How SRH Berlin is moving away from the traditional curriculum model
Photo taken by Lars Roth
In 2009, Robert Lingnau, along with three academic colleagues at that time, had the chance to develop and found a school that is now the School of Popular Arts (SOPA) within the SRH Berlin University of Applied Sciences. Beginning as a small institution with 24 students and two degree programs, the school now has about 750 students in the area of cultural and creative industries, and the SRH Berlin University has about 2500 students in total from 100 nations.

"I wanted to develop a realistic and contemporary approach to how music production was handled with a focus on popular music," he explains, talking about how while Germany has a lot of degrees geared towards classical music and jazz, there is still a palpable lack of emphasis on popular music.

A key feature of an SRH education is that the institution constantly adapts their curriculum. The students play a big part in this: a mandatory survey is done every two years by professors, who are also required to reflect on their own study programs, where the young musicians give their feedback on each course.
Perhaps one of the most significant changes was introduced one and a half years ago. Usually, most European universities have a semester system, where you have a certain number of classes that last throughout the entire duration of the semester. SRH, however, constructed five-week blocks instead, while maintaining some modules for a 15-week period where it seems necessary. On top of that, most blocks have a practical goal tied to the theoretical foundation of the course material, so that the students can apply the new knowledge to practice.

This approach — Competency-Oriented Research and Education (CORE) — also helps the professors in preparing their lessons to be more effective. "From that goal point, you go backwards and constructively align the content of the class that is necessary to reach that goal," Robert says.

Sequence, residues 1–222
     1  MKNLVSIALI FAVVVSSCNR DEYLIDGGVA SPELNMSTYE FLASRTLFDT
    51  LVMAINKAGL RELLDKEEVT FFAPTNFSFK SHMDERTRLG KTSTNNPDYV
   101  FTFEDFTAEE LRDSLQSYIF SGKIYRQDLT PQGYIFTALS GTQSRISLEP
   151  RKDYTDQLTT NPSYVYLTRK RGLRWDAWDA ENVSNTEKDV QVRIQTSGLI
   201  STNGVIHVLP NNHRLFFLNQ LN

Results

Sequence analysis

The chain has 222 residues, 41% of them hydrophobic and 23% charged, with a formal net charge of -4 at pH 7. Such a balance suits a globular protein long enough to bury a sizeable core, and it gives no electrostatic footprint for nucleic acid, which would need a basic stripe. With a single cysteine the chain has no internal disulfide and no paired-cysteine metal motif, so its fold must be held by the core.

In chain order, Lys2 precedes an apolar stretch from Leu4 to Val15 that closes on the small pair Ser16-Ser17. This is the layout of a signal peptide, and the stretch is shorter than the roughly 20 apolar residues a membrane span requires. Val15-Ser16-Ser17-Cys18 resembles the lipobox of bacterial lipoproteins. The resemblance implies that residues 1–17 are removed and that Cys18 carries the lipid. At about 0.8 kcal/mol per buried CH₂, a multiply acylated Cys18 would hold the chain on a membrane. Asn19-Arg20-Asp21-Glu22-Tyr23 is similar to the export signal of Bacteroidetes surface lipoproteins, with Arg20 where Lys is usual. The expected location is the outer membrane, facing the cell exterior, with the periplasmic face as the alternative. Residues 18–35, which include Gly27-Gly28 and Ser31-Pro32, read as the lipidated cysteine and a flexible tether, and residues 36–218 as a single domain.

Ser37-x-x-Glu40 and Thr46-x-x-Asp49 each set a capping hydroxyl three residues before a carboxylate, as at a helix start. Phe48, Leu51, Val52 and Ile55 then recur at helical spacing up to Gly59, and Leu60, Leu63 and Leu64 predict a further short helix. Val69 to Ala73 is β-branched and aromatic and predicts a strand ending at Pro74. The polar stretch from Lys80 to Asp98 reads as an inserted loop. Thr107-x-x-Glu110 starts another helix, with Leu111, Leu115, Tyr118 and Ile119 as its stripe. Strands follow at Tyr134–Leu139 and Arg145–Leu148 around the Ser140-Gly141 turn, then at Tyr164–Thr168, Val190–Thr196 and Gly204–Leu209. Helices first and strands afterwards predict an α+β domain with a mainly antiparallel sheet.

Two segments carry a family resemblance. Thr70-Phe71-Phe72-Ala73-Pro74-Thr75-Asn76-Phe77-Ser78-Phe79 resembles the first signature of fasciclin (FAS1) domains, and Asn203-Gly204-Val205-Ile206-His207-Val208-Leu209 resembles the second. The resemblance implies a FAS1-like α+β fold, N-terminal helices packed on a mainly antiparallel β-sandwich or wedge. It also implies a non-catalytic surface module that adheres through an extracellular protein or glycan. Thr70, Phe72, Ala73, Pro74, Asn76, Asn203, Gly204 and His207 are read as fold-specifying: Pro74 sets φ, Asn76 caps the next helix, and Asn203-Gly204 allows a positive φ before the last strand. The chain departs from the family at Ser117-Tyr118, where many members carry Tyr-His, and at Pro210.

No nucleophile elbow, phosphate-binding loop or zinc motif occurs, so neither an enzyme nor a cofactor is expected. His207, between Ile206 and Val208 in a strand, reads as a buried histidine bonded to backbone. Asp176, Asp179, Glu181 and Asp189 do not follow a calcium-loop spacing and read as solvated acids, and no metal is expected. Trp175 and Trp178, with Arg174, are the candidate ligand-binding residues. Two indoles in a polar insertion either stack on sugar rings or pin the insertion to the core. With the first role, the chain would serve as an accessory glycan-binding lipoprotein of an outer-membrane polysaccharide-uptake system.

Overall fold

The goals are self-explanatory most of the time. For instance, if you're taking a songwriting class, the end product would be a finished song. On the other hand, there are a plethora of them — if traditionally you would have homework and an aural exam, at SRH Berlin you have 48 assignment types that lecturers can choose from depending on the specific needs of the module.

Looking back on his six-year studies at Amsterdam University of the Arts, Robert remembers only one workshop, Arts in Practice, discussing "how to put your competences on the market" and being ready to apply your "rent-paying skills" in real life. "I didn't even feel that one class of vocational or business preparation was not enough — I was gladly taking what they were offering," he smiles. Times have changed since then in popular music oriented study programs, which is why the professor places such a heavy emphasis on the importance of the practical goals and projects that he helped build into the programs at SRH.
Photo of Robert Lingnau
On top of that, the school offers weekly workshops with external professionals that also cover commercial aspects of the music industry, and each student has the opportunity to individually choose from around 100 of them. When it comes to job opportunities, SRH has a specific career service that helps in developing ideas of what you want to do after college and takes care of the internships (or a semester abroad), which are mandatory.

In case the completion of goals every five weeks isn't enough of competence-based learning, there are also practical projects that musicians do during electives. Right now, for example, one class is doing an online adaptation of a TV show, while one of Robert's classes is evaluating methods of time management in creative jobs that serve students' individual needs and perspectives.

The professor notes that although the society is changing faster than ever before, and the accessibility to online educational platforms and YouTube tutorials is growing, these changes still make attending schools more favorable compared to being self-taught. "When you study on your own, there is no need to move outside of your comfort zone, your box, and you can always choose what pace and content is best for you," he elucidates. "This isn't appropriate when it comes to your professional life as you want to be able to cope with things that people ask you to do." Lingnau draws an analogy with cooking: while on YouTube you have recipes for a specific dish, in school you learn how to properly use and treat the ingredients to then be capable of making any meal you or someone else needs.

At the same time, Robert leaves the decision of how much one wants to learn up to the student. "We do have classes, projects and assignments [and] that's all we can mandatorily ask for," the professor concludes. "The effort that they put into the subject is up to them. As in all forms of energy, the more you put in, the more you get out."
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